Willi Kraus, the celebrated WWI and detective, returns in this prequel story about how he became the most famous Jewish Detective in Germany in the days of the Weimar Republic
In Paul Grossman's Children of Wrath Willi Kraus tackles the case of the Kinderfresser, the vicious Child-Eater of Berlin. Turning the clock back two years from The Sleepwalkers, the story starts out in the fall of 1929, the last days of prosperity. Berlin is deep in the throes of a giddy rush to forget its troubled past. But the same day the stock market crashes in New York, the dark underside of the German capital flushes to the surface in the form of a burlap sack spewed by floodwaters from the city sewer system. When Willi is called to investigate and discovers the sack is full of children's bones with teeth marks on them--and a bible with a single phrase circled in red: children of wrath--he fears he's run into "something darker than he's ever known."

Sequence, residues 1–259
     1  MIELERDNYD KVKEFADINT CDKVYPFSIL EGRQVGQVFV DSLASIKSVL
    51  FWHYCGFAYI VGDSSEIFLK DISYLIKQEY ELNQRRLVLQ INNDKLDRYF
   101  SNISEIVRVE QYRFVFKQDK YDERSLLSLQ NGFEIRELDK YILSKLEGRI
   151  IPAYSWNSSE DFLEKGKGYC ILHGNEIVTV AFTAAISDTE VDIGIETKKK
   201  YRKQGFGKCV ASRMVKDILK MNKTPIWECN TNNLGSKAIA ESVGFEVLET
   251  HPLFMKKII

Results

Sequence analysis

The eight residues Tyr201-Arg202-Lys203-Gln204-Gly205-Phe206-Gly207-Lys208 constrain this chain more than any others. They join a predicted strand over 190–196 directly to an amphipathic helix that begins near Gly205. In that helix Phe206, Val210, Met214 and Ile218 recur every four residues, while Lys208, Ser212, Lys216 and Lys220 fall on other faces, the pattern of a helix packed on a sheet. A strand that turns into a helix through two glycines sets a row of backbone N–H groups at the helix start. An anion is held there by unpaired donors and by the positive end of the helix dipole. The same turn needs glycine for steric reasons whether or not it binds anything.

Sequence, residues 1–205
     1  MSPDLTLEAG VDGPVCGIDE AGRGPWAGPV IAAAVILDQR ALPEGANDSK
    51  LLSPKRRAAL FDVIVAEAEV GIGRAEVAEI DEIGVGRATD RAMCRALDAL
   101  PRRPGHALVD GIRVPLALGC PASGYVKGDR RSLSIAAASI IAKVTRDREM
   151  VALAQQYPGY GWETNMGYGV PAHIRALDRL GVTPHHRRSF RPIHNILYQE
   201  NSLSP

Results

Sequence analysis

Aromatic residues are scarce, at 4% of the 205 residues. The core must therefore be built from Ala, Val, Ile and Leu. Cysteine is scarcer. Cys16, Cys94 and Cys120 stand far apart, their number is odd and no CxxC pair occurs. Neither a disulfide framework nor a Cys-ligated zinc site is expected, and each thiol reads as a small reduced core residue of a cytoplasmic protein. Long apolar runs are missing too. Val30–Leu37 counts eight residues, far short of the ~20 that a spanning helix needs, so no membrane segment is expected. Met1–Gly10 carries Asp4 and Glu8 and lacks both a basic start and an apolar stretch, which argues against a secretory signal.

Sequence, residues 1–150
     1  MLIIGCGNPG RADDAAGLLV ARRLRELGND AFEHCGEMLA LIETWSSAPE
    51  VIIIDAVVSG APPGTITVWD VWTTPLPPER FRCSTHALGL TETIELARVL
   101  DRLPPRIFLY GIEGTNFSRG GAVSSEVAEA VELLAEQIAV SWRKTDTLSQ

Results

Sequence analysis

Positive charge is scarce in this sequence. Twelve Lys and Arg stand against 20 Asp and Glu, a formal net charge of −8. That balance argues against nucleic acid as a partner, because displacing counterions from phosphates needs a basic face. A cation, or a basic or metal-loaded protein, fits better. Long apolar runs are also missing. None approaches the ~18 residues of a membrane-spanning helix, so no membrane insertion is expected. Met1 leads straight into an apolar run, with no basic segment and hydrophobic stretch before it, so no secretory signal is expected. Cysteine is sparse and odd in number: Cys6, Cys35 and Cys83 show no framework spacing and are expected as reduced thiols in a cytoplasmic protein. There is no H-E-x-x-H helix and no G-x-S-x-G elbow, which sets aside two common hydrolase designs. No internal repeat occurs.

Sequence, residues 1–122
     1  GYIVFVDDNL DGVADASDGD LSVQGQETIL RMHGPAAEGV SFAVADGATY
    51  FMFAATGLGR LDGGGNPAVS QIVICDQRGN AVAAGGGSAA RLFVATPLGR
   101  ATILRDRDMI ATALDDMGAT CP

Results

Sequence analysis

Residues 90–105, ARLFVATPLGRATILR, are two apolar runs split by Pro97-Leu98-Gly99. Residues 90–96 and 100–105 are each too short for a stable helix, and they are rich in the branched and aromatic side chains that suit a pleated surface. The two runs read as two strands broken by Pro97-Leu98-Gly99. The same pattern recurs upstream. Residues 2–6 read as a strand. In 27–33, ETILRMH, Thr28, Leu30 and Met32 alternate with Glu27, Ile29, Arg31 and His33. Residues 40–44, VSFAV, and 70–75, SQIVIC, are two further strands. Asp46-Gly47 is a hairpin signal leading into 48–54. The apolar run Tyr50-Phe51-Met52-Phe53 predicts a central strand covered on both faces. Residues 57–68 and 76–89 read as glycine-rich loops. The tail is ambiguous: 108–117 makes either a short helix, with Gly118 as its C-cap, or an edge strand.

Set in 1929, Grossman s brilliant second historical featuring Berlin policeman Willi Kraus (after 2010 s The Sleepwalkers, which was set in 1932) finds Kraus already feeling the isolation of being a Jew in an overwhelmingly Aryan environment. While Kraus is curious to look into the discovery of a burlap sack containing boiled human bones bound together by thread made from muscles, his superior instead puts him in charge of searching for the source of tainted sausages that have already poisoned hundreds. Kraus, an attractively complex lead, can t keep away from the other case, even at the cost of his professional reputation and tranquil relations with his wife. The political turmoil caused by the rise of the Nazi Party complicates both cases. Grossman has improved on his characterizations, as shown by the thoughtful way he presents even minor figures. Fans of cerebral murder mysteries will look forward to the next installment.